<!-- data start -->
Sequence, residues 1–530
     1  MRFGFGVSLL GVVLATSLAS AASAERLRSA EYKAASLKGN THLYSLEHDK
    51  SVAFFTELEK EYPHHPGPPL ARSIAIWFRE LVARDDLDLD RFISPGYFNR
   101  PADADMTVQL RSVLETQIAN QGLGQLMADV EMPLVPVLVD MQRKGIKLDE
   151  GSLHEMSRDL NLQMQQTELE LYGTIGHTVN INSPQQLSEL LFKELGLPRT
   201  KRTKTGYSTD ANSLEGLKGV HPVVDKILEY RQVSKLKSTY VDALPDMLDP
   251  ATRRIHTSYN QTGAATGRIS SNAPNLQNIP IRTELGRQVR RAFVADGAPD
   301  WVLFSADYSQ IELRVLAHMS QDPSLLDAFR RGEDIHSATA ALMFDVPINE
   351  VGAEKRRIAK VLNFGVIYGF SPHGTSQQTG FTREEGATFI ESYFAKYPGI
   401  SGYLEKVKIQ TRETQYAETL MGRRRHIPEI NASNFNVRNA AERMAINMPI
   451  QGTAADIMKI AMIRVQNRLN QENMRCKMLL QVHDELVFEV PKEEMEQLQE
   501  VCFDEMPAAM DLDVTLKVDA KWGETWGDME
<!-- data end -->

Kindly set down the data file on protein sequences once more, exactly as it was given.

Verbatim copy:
Sequence, residues 1–530
     1  MRFGFGVSLL GVVLATSLAS AASAERLRSA EYKAASLKGN THLYSLEHDK
    51  SVAFFTELEK EYPHHPGPPL ARSIAIWFRE LVARDDLDLD RFISPGYFNR
   101  PADADMTVQL RSVLETQIAN QGLGQLMADV EMPLVPVLVD MQRKGIKLDE
   151  GSLHEMSRDL NLQMQQTELE LYGTIGHTVN INSPQQLSEL LFKELGLPRT
   201  KRTKTGYSTD ANSLEGLKGV HPVVDKILEY RQVSKLKSTY VDALPDMLDP
   251  ATRRIHTSYN QTGAATGRIS SNAPNLQNIP IRTELGRQVR RAFVADGAPD
   301  WVLFSADYSQ IELRVLAHMS QDPSLLDAFR RGEDIHSATA ALMFDVPINE
   351  VGAEKRRIAK VLNFGVIYGF SPHGTSQQTG FTREEGATFI ESYFAKYPGI
   401  SGYLEKVKIQ TRETQYAETL MGRRRHIPEI NASNFNVRNA AERMAINMPI
   451  QGTAADIMKI AMIRVQNRLN QENMRCKMLL QVHDELVFEV PKEEMEQLQE
   501  VCFDEMPAAM DLDVTLKVDA KWGETWGDME